The annual Amazon shareholder letter by Jeff Bezos, released on Thursday, discussed a metric which has been secret at Amazon since the marketplace launched in 2002. That metric is gross merchandise volume (GMV), the total amount of sales on Amazon websites including those by the company itself and by the sprawling marketplace. Historically the company only reported its sales and revenue from marketplace fees, but not actual sales on the Amazon marketplace.
$160 billion is how much third-party sellers sold on Amazon in 2018. An estimated $30 billion more than they did in 2017. Amazon’s first-party sales amounted to $117 billion. For a total of $277 billion in gross merchandise volume.
In a decade third-party sales have grown from 30% of the total to 58%. Thanks to the compound annual growth rate of 52% since 1999. In 1999 sellers on Amazon did $100 million in sales, in 2018 sellers on Amazon did $160 billion in sales.
Third-party sellers paid Amazon $39.7 billion in fees last year, 24.8% of the $160 billion in third-party sales. Those fees include commissions and any related fulfillment and shipping fees, and other third-party seller services. However, they don’t include advertising spend which would raise the total fee amount above 30%. For comparison, eBay captured 9.6% of marketplace GMV as revenue last year ($8.6 billion in fees on $83.8 billion in third-party sales).
Two hundred thousand small and medium-sized businesses eclipsed $100,000 in sales on Amazon in 2018; the number grew by 60,000 from 140,000 in 2017. It was just 70,000 in 2015. The growing number of sellers achieving this sales milestone is a direct result of the overall marketplace growth. Every year the marketplace gets larger, providing opportunities for both new sellers to enter the market, but also for existing sellers to expand. However, maybe unsurprisingly, the bigger the sales figure is, the slower that segment is growing. The number of third-party sellers with over $1 million in sales increased by only 4,000 - up to 24,000 - in 2018.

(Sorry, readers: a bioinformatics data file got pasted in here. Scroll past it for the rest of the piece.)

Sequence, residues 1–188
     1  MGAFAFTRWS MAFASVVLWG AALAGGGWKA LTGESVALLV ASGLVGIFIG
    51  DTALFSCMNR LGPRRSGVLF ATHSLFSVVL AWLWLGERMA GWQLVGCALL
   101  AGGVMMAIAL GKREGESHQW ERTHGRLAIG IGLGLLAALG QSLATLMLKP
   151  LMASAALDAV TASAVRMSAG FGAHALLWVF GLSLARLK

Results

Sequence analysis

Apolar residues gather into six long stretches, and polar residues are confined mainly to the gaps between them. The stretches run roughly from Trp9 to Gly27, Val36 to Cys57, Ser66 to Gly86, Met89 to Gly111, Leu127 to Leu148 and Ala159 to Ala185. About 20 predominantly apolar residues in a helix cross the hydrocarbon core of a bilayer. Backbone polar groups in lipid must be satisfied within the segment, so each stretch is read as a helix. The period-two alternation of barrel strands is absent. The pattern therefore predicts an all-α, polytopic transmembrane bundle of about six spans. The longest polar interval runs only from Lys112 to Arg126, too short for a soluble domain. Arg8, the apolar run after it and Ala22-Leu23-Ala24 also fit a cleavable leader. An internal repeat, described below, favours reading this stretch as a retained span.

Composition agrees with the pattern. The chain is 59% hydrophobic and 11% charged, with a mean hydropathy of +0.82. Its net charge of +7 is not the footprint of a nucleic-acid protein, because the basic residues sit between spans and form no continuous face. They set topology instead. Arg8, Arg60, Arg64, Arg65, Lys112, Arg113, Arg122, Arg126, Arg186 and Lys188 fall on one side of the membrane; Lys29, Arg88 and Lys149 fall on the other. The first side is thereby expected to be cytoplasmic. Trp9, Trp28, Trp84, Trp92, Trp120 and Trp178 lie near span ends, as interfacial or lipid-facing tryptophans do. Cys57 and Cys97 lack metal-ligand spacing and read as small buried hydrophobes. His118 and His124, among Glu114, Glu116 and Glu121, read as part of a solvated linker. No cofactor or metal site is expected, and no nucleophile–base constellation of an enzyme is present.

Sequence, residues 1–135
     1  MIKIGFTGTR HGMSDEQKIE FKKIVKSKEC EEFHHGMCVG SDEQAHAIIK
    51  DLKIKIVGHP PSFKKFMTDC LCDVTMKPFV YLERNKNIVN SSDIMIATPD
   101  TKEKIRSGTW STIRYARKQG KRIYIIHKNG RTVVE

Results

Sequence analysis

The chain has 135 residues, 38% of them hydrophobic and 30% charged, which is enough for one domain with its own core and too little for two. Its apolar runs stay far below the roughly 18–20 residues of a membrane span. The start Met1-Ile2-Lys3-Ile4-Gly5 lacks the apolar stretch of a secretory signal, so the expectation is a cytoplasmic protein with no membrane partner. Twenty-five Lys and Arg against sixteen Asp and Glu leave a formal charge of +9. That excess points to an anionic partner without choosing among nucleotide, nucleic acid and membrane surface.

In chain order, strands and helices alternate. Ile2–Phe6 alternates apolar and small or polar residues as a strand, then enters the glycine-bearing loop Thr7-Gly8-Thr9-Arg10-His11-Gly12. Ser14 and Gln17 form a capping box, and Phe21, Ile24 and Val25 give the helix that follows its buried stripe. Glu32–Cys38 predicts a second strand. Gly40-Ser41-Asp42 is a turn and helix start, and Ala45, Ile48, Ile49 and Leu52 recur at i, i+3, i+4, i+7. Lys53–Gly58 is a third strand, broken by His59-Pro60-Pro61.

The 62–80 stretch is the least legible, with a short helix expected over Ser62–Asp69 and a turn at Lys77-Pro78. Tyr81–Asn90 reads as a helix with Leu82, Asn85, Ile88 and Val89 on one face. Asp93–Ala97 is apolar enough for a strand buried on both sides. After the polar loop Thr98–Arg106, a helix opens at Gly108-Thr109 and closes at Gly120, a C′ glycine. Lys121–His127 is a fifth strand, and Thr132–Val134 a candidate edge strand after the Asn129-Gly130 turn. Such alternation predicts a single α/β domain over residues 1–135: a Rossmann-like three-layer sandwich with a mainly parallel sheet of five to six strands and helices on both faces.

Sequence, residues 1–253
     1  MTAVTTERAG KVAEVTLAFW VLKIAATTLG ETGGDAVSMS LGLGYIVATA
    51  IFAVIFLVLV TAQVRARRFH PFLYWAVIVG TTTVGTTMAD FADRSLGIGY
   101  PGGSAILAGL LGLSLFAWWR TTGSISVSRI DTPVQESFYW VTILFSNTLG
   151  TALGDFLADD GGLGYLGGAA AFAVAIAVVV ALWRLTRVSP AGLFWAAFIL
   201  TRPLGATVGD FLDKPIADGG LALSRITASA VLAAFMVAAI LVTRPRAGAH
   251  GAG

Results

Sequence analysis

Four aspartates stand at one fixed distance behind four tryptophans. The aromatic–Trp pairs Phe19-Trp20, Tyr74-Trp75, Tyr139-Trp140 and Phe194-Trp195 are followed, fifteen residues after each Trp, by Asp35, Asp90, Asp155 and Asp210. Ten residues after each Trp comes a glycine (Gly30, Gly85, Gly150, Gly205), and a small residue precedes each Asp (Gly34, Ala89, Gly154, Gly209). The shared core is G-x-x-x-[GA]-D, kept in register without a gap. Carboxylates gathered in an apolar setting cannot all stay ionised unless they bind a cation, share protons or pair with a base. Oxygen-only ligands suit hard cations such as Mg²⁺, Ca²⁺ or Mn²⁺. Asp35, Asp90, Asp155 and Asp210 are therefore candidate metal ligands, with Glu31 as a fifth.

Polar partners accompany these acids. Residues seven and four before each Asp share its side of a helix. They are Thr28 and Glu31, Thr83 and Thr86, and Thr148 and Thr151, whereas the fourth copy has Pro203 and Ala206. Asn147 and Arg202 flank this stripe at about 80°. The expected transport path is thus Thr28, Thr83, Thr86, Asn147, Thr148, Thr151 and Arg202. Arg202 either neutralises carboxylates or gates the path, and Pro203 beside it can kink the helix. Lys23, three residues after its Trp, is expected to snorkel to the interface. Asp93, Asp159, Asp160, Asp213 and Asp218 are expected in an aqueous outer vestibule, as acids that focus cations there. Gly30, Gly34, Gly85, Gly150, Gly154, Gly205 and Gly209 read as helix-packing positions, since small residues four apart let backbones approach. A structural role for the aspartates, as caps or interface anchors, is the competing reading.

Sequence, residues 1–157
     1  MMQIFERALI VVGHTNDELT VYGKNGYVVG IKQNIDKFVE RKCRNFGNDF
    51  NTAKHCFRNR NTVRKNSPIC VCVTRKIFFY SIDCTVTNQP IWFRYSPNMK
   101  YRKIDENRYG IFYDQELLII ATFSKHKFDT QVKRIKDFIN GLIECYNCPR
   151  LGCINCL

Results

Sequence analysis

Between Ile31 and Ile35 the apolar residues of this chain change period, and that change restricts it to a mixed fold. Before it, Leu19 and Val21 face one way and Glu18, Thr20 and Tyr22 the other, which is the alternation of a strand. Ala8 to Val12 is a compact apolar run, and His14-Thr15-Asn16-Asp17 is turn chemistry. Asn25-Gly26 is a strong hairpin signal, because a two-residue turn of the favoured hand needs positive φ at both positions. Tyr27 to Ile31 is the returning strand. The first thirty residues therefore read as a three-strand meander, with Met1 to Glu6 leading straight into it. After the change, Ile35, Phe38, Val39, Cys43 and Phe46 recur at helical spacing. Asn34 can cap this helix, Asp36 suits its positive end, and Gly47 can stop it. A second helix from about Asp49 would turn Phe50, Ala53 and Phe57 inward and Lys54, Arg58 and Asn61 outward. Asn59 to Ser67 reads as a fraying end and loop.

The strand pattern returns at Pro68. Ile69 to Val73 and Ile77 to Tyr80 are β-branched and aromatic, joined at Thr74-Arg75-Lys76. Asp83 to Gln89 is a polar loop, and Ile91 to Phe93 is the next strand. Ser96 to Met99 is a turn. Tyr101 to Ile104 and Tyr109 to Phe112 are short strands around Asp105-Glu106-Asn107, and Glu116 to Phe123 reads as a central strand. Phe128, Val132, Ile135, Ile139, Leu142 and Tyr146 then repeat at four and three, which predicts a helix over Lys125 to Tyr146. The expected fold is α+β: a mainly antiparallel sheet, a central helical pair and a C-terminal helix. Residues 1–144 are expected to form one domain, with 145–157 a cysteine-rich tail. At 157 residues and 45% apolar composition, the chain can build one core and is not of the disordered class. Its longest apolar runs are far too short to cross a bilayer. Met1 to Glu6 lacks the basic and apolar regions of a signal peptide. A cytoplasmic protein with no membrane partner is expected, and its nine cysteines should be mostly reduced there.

Out of character, Jeff Bezos letter also referenced eBay’s GMV, as a benchmark to showcase Amazon marketplace’s growth, and asked the question “Why did independent sellers do so much better selling on Amazon than they did on eBay?” The company has never mentioned eBay or any other competitor before in any of its public announcements.
Devin Wenig, the eBay CEO, hit back. The “barriers to competition” is referring to anti-trust concerns surrounding Amazon, which Jeff Bezos annual letter was in part refuting.